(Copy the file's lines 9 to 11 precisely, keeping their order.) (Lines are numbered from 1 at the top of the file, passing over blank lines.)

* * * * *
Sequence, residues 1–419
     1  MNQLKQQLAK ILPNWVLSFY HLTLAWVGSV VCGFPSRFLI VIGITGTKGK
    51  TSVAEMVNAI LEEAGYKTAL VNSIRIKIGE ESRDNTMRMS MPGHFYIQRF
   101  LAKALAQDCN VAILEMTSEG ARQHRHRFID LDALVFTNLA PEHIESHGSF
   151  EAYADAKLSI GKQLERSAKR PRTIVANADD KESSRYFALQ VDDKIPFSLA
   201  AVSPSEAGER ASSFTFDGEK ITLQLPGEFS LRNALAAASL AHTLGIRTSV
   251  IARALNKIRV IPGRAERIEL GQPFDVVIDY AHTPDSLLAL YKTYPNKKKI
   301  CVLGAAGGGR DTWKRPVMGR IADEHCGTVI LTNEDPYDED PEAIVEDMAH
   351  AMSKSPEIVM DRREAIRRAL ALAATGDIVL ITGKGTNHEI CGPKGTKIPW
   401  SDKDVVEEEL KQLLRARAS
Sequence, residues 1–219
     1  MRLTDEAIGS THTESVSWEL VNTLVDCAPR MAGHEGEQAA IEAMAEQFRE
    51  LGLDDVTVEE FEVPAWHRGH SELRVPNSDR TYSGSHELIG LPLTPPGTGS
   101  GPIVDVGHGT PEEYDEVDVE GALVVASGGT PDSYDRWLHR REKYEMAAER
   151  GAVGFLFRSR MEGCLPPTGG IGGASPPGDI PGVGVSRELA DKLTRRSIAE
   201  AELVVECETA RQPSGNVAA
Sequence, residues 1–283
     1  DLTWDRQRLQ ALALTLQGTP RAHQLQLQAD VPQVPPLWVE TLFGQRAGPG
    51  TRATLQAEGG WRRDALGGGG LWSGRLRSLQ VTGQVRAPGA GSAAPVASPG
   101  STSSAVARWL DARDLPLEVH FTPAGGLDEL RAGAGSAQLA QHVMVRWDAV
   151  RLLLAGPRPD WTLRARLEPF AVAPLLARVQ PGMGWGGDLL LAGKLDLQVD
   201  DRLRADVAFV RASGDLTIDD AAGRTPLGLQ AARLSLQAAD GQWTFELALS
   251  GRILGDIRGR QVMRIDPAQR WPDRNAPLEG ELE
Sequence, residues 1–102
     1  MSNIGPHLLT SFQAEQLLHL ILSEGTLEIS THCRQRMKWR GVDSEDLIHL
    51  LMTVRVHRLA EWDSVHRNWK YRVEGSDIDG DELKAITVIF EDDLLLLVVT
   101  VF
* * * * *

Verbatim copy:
   351  AMSKSPEIVM DRREAIRRAL ALAATGDIVL ITGKGTNHEI CGPKGTKIPW
   401  SDKDVVEEEL KQLLRARAS
Sequence, residues 1–219